theme(legend.title = element_text(size = 12, face = "bold"))

Another example is the plotting style of Tufte, a minimal ink theme based on Edward Tufte’s book The Visual Display of Quantitative Information. This is the book that popularized Minard’s chart depicting Napoleon’s march on Russia as one of the best statistical drawings ever created. Tuftes plots became famous due to the purism in their style. But see yourself:

set.seed(2019)
chic.red <- chic[sample(nrow(chic), 50), ]

ggplot(chic.red, aes(x = temp, y = o3)) +
  geom_point() +
  labs(x = "Temperature (°F)", y = "Ozone") + 
  ggtitle("Temperature and Ozone Levels in Chicago") +
  theme_tufte() +
  stat_smooth(method = "lm", col = "black", size = 0.7, 
              fill = "gray60", alpha = 0.2)

Since Tufte’s style is about minimalism, we first reduced the number of data points shown to (at least) try to follow his rules. (Do not care about that stat_smooth() command, I will explain it later. Just added it to make plot more interesting.)

ggplot(chic.red, aes(x = temp, y = o3)) +
  geom_point() +
  labs(x = "Temperature (°F)", y = "Ozone") + 
  ggtitle("Temperature and Ozone Levels in Chicago") +
  theme_tufte() +
  stat_smooth(method = "lm", col = "black", size = 0.7, 
              fill = "gray60", alpha = 0.2) + 
  geom_rangeframe()

If you like the way of plotting have a look on this blog entry recreating several Tufte plots in R.

Change the Size of All Plot Text Elements

It is incredibly easy to change the size of all the text elements at once. If you have a closer look at the default theme (see chapter “Create and Use Your Custom Theme” below) you will notice that the sizes of all the elements are relative (rel()) to the base_size. As a result, you can simply change the base_size if you want to increase readability of your plots:

theme_set(theme_gray(base_size = 30, base_family = "Roboto Condensed"))

ggplot(chic, aes(x = date, y = temp, color = factor(season))) +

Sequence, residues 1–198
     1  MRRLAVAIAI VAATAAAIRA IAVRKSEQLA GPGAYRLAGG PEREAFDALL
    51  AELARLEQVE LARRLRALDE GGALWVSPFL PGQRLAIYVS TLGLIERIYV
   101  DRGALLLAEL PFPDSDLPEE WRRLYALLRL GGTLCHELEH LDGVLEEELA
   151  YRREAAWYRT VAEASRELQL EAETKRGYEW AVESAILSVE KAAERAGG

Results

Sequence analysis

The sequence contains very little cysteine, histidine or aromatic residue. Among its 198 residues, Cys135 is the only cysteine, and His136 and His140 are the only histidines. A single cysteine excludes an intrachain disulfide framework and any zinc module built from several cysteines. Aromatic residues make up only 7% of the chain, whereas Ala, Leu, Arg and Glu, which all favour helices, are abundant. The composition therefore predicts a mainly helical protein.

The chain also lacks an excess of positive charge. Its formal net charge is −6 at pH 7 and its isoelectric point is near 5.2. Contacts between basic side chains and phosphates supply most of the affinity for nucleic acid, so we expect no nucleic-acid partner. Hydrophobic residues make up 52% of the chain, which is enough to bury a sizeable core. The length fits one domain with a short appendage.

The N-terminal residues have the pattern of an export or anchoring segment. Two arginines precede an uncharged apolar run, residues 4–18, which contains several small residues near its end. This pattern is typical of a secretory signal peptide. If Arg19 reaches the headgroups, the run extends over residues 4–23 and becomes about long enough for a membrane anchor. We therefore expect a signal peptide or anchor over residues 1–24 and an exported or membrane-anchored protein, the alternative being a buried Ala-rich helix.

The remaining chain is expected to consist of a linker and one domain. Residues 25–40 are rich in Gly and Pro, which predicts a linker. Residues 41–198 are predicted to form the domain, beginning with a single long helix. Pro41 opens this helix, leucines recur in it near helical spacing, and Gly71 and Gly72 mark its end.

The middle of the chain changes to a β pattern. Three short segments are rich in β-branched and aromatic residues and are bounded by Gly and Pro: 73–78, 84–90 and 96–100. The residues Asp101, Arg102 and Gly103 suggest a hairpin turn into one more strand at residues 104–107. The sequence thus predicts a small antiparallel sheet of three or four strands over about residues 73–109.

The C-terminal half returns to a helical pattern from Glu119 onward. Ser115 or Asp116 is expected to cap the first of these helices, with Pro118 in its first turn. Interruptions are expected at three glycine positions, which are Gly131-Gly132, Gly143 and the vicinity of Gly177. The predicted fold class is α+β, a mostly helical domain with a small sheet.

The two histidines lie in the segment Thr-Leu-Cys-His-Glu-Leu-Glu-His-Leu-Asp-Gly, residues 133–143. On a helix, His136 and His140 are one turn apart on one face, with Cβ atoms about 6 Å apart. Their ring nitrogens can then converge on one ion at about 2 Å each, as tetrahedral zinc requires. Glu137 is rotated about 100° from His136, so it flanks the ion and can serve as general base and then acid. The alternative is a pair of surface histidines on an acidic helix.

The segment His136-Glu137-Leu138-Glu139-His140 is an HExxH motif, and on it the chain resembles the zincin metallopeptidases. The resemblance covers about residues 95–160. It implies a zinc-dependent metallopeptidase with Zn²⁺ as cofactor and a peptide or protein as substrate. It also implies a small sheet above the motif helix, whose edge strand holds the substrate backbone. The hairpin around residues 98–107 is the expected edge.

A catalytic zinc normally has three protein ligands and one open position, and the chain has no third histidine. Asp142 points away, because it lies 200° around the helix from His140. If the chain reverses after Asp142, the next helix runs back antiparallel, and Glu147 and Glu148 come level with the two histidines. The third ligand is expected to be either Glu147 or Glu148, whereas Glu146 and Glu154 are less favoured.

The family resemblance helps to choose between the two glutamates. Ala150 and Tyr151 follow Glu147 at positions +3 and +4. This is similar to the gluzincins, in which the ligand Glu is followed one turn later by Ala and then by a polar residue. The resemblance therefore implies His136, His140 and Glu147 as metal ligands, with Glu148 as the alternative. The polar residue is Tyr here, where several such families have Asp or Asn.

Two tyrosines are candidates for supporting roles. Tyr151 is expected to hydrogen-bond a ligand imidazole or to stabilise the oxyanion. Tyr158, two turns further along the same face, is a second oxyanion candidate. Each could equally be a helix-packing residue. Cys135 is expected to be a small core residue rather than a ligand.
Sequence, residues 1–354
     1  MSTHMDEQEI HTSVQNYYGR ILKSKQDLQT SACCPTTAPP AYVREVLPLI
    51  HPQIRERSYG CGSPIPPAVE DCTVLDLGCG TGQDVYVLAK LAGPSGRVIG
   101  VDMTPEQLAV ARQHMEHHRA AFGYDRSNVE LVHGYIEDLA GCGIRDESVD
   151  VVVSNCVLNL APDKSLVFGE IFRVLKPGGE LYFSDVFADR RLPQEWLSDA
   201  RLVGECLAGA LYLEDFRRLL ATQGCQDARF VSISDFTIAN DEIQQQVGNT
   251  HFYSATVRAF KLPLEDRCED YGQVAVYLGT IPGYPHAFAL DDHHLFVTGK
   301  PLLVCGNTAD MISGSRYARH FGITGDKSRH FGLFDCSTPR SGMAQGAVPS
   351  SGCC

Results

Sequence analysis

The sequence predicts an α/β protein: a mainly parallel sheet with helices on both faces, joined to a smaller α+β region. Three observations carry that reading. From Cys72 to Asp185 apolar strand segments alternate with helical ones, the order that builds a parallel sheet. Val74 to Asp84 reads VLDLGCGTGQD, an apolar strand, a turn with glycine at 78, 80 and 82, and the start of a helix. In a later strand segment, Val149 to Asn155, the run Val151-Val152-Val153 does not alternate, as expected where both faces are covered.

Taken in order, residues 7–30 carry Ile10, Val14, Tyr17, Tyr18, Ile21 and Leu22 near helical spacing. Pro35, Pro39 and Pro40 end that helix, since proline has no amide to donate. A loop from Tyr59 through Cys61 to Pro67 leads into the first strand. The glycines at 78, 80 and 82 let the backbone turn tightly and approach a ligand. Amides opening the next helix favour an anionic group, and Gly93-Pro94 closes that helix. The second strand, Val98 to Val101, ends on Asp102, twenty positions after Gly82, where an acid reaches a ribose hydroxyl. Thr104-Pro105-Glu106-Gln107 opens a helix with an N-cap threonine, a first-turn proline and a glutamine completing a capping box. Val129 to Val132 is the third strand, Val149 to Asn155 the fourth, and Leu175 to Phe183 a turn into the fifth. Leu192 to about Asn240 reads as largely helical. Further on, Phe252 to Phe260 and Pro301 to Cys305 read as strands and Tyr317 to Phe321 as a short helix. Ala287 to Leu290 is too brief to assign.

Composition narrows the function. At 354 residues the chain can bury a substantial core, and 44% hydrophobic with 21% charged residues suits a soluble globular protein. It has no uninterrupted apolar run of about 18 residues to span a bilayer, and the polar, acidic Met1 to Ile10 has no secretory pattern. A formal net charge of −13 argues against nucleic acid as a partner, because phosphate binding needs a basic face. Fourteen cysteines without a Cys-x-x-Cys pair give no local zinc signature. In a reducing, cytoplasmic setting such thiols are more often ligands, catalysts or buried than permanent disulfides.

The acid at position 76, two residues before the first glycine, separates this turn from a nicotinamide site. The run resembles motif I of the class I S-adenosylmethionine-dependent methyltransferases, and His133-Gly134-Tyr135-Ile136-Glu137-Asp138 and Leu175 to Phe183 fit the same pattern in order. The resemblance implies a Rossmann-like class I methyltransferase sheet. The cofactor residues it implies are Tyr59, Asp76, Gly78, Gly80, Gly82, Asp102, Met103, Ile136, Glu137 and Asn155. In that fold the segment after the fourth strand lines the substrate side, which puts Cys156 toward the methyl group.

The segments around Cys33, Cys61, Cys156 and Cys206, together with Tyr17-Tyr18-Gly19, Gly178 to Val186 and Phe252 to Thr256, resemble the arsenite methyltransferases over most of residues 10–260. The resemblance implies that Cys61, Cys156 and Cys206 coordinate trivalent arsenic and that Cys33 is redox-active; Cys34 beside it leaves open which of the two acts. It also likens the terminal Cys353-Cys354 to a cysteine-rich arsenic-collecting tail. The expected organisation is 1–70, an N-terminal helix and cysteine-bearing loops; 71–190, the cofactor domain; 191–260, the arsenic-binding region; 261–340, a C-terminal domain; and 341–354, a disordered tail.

geom_point() + 
  labs(x = "Year", y = "Temperature (°F)") + 
  guides(color = F) 

Create and Use Your Custom Theme

If you want to change the theme for an entire session you can use theme_set as in theme_set(theme_bw()). The default is called theme_gray. If you wanted to create your own custom theme, you could extract the code directly from the gray theme and modify. Note that the rel() function change the sizes relative to the base_size.

theme_gray
## function (base_size = 11, base_family = "", base_line_size = base_size/22, 
##     base_rect_size = base_size/22) 
## {
##     half_line <- base_size/2
##     theme(line = element_line(colour = "black", size = base_line_size, 
##         linetype = 1, lineend = "butt"), rect = element_rect(fill = "white", 
##         colour = "black", size = base_rect_size, linetype = 1), 
##         text = element_text(family = base_family, face = "plain", 
##             colour = "black", size = base_size, lineheight = 0.9, 
##             hjust = 0.5, vjust = 0.5, angle = 0, margin = margin(), 
##             debug = FALSE), axis.line = element_blank(), axis.line.x = NULL, 
##         axis.line.y = NULL, axis.text = element_text(size = rel(0.8), 
##             colour = "grey30"), axis.text.x = element_text(margin = margin(t = 0.8 * 
##             half_line/2), vjust = 1), axis.text.x.top = element_text(margin = margin(b = 0.8 * 
##             half_line/2), vjust = 0), axis.text.y = element_text(margin = margin(r = 0.8 * 
##             half_line/2), hjust = 1), axis.text.y.right = element_text(margin = margin(l = 0.8 * 
##             half_line/2), hjust = 0), axis.ticks = element_line(colour = "grey20"), 
##         axis.ticks.length = unit(half_line/2, "pt"), axis.ticks.length.x = NULL, 
##         axis.ticks.length.x.top = NULL, axis.ticks.length.x.bottom = NULL,